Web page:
I've become slightly addicted to the new series by Cherry Healey on BBC Three. These fun documentaries unfold the typical women's issues, so far looking at breast feeding, money, and most recently, body issues. In the latest episode, Cherry discussed some of her own issues about her body and weight, and visited a number of women to talk about their own body images.
According to Cherry, the average woman spends 31 years of her life on a diet. If we presume that the first and last 10 years of any woman's life are not spent dieting (but are rather spent being young and being old respectively), that's a total of half of a woman's life from age 10 to age 70 spent on a diet. Hideous.
The documentary really hit home to me. Like practically every other woman on the planet (or at least in the UK and USA - German women never seem to have body issues!), I've spent a good proportion of my 24 years worrying about my body. I remember in explicit detail practically every instance of being called 'fat' at school - going back as far as when I was four years old and had to stand up in front of the class to say something. I was always a 'well built' child, despite the fact that I was brought up on the healthiest and most wonderful of diets - I can honestly claim that not once did I consume a packet of crisps or a chocolate bar in my packed lunch, and enjoyed instead melon and raw vegetables, and the odd fig roll as an occasional treat.
So I continued into high school being relatively overweight, but nothing too serious. I wasn't fit (at all!!!) and I had a big appetite, and once I was given free-reign of my food my 'well built' figure became 'properly overweight' quite quickly. I always dreamed that one day I'd lose weight, but I never actually tried to; I have no idea why. Then, I got a boyfriend, and McDonalds lunches teamed with Starbucks afternoons teamed with absolute disregard for my health led to full-on overweightness. Possibly even obesity. We were overweight together so it seemed less obvious, and I didn't notice until my favourite trousers became a bit tight.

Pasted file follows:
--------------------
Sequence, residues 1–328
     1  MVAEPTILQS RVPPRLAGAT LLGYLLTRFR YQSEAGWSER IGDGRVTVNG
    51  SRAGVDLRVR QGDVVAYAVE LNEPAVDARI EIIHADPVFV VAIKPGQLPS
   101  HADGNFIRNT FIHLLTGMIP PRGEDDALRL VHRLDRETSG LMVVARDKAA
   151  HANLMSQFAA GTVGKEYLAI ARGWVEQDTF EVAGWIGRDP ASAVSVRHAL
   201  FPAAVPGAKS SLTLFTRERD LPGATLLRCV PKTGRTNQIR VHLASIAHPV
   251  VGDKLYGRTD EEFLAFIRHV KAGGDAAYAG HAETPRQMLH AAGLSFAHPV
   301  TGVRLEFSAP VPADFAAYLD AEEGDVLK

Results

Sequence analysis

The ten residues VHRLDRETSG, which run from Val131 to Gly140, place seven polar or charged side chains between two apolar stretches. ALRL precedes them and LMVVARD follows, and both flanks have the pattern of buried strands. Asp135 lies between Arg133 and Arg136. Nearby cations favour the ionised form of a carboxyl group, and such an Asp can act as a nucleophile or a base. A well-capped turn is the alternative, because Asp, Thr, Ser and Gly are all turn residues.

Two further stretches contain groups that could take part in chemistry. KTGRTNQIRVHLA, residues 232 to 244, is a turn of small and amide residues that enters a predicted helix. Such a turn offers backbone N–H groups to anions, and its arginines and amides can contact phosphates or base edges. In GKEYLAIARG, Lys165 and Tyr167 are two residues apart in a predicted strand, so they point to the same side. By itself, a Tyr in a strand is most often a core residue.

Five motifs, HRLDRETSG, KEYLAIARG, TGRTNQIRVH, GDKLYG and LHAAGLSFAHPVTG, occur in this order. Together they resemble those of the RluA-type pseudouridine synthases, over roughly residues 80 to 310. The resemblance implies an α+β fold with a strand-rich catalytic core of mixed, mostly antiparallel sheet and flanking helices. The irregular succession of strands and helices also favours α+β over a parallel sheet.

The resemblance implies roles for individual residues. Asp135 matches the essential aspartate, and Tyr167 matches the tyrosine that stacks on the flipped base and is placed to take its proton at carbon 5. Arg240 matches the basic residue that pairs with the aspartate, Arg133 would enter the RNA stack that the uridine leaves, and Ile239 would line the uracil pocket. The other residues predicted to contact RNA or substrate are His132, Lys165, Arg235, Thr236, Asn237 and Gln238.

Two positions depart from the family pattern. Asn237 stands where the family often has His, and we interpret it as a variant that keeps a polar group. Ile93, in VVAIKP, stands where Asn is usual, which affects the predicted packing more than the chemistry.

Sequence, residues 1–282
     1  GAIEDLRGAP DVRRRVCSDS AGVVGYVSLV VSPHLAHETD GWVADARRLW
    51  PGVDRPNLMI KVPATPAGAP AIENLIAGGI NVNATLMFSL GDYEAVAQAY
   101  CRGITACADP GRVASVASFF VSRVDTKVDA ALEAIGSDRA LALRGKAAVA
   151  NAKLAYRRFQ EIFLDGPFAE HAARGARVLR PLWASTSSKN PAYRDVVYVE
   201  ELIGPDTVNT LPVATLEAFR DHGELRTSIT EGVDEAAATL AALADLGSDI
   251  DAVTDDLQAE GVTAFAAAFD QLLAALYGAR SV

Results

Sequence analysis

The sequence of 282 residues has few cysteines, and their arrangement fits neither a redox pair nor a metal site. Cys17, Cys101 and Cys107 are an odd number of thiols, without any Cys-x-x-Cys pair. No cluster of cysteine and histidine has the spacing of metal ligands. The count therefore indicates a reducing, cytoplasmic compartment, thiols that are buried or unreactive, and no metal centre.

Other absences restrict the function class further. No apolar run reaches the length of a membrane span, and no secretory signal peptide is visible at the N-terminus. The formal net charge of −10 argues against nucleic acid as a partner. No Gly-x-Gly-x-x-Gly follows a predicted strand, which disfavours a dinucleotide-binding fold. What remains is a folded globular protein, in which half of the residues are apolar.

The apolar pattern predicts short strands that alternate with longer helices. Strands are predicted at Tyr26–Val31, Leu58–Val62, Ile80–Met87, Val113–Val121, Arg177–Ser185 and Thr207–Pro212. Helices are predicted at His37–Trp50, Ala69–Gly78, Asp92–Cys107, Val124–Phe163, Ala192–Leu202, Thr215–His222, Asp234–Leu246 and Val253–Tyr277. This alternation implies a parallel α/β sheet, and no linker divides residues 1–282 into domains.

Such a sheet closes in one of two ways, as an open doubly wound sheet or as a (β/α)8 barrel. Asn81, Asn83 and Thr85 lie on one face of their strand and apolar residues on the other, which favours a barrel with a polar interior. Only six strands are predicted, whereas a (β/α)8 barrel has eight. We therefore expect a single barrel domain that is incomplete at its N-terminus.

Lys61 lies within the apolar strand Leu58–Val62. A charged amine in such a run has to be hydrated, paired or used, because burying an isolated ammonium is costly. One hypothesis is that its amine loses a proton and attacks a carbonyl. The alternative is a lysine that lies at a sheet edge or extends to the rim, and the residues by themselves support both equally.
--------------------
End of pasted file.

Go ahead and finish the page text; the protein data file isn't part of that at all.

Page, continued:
To cut a long story short, I decided, much later than I should have (I actually couldn't wear trousers at the time as finding a pair to fit was too difficult), to do something about it. I started running (albeit very slowly!), I started going out on my bike, and most importantly, I started to cook. I cooked and cooked and cooked. I discovered new vegetables, spices, curries and chillies and ratatouille. I came home from school every day and put a tray of vegetables in the oven to roast. I stopped eating meat and bread. I loved fresh salmon, chickpeas, and mounds and mounds of colourful veg. I had a good breakfast every morning: muesli and natural yogurt and fruit. I fell absolutely head-over-heels in love with food. I still ate a lot, but the weight just dropped off - fell as if I was shedding my skin. That summer, I wore a bikini on the beach in Vancouver. I was 18 and I absolutely loved my body: how many women can say that?
But there's always a but.
Mine was university. What happened, I do not know, but everything came undone. Maybe I was too confident in my new habits, maybe I got cocky and thought I'd never be able to be fat again. I can assure you that takeaways and alcohol make you fat incredibly quickly. It's very easy to be thin, but it's just as easy to not be thin, that's for sure.
(I actually can't find a single photo of me from back then that isn't only my face to put on here - shocking!)
Argh I was so unhealthy, and the chronic stomach problems I've always had got worse and worse and worse. I was in so much pain and discomfort that I had to miss lectures, and I ate mainly Weetabix and cous cous for a good few months running. I became pretty scared of food and how it could make me feel - but that didn't stop me stopping by the pizza takeaway on the way home from a night out.
It wasn't long into this nightmare that something clicked into place. I started cooking properly again, and (gasp! confession!!) in March 2007 I joined a gym! I hate gyms, I really hate them. But I went, three or four times a week, mainly to run on the treadmill. Weight once again disappeared (as did the takeaway boxes in the recycling), my stomach problems improved and I started to feel good. By June I had the confidence to run outside, and by July I was back in that bikini in Croatia.